Indexed on: 13 May '08Published on: 13 May '08Published in: Seminars in Cancer Biology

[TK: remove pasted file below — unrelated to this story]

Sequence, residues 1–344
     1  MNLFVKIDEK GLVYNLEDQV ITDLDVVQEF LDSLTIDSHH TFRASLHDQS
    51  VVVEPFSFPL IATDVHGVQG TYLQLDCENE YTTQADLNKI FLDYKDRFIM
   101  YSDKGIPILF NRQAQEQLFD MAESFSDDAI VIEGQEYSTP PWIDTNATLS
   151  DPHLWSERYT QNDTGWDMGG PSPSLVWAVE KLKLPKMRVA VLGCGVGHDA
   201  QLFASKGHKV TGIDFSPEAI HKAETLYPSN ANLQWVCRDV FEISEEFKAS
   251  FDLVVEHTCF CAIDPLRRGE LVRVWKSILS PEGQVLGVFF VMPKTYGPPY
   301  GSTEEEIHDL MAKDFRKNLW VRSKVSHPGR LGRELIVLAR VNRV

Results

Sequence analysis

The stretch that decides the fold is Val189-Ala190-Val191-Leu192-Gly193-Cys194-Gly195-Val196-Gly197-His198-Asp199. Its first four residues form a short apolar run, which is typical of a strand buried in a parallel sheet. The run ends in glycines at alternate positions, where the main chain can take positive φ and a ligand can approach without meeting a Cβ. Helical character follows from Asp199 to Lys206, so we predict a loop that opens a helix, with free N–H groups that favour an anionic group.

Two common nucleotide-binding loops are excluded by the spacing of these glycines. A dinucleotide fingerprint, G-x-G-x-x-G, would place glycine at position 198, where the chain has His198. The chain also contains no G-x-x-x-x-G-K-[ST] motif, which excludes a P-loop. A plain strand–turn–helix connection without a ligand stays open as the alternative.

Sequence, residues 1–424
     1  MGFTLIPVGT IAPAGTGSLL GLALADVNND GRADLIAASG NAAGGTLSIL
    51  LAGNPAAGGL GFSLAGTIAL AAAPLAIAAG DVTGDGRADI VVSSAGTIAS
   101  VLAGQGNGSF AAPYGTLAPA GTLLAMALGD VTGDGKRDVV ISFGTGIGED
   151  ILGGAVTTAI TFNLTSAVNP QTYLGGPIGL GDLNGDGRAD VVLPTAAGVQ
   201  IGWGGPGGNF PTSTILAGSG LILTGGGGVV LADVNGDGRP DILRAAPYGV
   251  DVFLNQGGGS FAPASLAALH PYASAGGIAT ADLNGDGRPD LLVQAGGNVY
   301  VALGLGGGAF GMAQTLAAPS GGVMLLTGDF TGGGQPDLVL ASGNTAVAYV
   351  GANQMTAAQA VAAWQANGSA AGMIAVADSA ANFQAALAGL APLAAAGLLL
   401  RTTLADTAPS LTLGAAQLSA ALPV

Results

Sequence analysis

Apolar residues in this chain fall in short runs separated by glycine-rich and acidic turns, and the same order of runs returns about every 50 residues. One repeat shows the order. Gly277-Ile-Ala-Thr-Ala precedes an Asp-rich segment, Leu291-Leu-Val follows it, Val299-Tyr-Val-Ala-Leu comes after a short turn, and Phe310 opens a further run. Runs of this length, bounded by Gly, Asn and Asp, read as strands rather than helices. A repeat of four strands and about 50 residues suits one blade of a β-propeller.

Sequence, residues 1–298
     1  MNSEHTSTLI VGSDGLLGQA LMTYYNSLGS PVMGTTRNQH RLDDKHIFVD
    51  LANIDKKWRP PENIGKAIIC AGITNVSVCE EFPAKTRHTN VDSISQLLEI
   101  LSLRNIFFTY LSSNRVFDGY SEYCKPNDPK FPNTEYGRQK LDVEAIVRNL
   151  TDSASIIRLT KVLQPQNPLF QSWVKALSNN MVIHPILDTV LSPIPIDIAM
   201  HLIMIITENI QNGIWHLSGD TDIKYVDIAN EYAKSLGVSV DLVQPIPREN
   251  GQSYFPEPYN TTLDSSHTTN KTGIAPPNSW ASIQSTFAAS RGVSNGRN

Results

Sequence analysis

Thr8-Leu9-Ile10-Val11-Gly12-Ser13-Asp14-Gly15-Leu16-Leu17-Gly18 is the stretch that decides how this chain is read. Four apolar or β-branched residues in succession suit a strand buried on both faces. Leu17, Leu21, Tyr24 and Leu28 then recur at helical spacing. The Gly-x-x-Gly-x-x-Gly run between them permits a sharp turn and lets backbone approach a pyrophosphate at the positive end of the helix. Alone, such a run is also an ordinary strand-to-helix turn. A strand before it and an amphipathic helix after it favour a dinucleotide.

Four decades ago Leslie Foulds remarked that "Experimental analysis has produced an alarming mass of empirical facts without providing an adequate language for their communication or effective concepts for their synthesis". Examining the relevance of the data avalanche we all generate and are subjected to in the context of the premises and predictions of the current cancer theories may help resolve this paradox. This goal is becoming increasingly relevant given the looming attempts to rigorously model and parameterize crucial events in carcinogenesis (microenvironmental conditions, cellular proliferation and motility), which will require the adoption of reliable premises on which to base those efforts. This choice must be made a priori, as premises are not testable, and data are not free of the theoretical frame used to gather them. In this review we provide a critical analysis of the two main currents in cancer research, one centered at the cellular level of biological organization, the somatic mutation theory, which conceptualizes carcinogenesis as a problem of cell proliferation control, and the other centered at the tissue level, the tissue organization filed theory, which considers carcinogenesis a process akin to organogenesis gone awry.